From its very beginning, Alexandria was destined to perform several functions : as a Greek city-state ( polis ), as the capital of Egypt, as a centre for world trade and as a centre of learning. These multiple functions invariably attracted a variety of races from various cultures, thus Egyptians, Macedonians, Greeks of mixed extractions, Syrians, Nubians, Jews, Persians, Indians and even Carthaginians as well as Romans could be seen intermingled in the streets of Alexandria. In other words, cosmopolitanism was a dominant characteristic of the life of the city. Already by the middle of the third century B.C., Alexandria appears to have attained a remarkable degree of grandeur and fame and to have enjoyed many attractions . In one of his amusing mimes, Herodas describes the city as a place where everything imaginable could be found, "wealth, palaestrae, power, prosperity, glory, shows, philosophers, gold, youth, the temple of the Adelphoi, the generous king, Mouseion, wine, all the good things you may desire, and women more numerous than heavenly stars who could compete in beauty with the goddesses who sought the judgment of Paris." A combination of attractions enough to turn any man's head and heart !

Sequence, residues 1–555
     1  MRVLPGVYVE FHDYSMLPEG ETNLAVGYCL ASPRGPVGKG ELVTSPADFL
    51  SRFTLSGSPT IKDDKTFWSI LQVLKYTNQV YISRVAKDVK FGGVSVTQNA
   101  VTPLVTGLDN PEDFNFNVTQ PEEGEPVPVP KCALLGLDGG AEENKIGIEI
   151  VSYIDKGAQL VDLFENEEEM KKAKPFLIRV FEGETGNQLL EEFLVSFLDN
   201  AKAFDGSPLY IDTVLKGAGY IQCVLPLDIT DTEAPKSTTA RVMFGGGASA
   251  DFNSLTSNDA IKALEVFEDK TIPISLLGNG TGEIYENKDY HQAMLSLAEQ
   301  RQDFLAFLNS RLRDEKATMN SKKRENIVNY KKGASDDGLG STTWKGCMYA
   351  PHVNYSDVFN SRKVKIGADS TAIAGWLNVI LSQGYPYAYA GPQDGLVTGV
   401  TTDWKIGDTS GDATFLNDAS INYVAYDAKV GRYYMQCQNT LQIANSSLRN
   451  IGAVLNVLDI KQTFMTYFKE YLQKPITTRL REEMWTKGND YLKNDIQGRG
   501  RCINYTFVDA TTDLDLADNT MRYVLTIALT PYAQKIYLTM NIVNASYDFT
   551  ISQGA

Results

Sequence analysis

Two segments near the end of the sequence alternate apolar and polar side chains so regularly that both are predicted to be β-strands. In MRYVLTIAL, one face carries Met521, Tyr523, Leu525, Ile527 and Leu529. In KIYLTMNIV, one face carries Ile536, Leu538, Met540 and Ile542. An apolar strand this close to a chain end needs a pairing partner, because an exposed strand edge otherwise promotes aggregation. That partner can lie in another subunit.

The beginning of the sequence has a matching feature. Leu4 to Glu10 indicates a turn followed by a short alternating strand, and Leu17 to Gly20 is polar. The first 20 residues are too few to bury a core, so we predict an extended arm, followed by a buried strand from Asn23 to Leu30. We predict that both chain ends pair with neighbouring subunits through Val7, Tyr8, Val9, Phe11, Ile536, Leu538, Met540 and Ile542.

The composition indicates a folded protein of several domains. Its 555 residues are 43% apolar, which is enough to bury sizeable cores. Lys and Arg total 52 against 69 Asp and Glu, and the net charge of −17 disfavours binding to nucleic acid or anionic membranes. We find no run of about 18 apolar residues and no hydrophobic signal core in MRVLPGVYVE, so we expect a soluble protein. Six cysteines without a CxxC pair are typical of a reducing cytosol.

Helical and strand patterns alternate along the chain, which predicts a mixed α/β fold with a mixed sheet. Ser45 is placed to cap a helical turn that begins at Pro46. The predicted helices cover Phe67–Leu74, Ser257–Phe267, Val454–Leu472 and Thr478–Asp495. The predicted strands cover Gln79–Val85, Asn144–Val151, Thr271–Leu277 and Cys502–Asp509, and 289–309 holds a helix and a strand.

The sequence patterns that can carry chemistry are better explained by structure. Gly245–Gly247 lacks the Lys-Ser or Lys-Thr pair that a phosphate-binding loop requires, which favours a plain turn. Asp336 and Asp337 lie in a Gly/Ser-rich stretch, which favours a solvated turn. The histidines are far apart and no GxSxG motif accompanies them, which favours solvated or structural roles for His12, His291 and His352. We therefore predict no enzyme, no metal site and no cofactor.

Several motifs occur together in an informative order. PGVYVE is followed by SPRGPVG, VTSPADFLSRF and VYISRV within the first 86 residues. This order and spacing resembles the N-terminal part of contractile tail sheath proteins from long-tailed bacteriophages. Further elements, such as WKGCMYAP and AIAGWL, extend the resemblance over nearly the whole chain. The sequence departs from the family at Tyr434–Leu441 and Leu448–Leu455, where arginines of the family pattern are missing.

The position of Alexandria as the centre of world trade, not only attracted foreign merchants and businessmen to set up their offices in the city, but also encouraged the formation of international companies to manage the more complicated and more costly transactions. A papyrus from the middle of the second century B.C. provides us with a unique example of such a company (Sammelbuch, ed. F. Preisigke, nos. 7169-70). It is a maritime loan contract for importing 'aromata' from the 'incense-bearing land', an area south of the Red Sea, well known in Pharaonic history as Punt ( present day Somalia). The papyrus is in a rather poor condition but from what remains of it, we are able to discern among the twelve persons involved in one and the same transaction, at least seven different nationalities , two from Messalia, one from Thessalonica, one from Lakedaemonia, one from Elea, one from Carthage and one - the banker- a Roman. This maritime loan contract vividly reveals the cosmopolitan nature of business life in ancient Alexandria.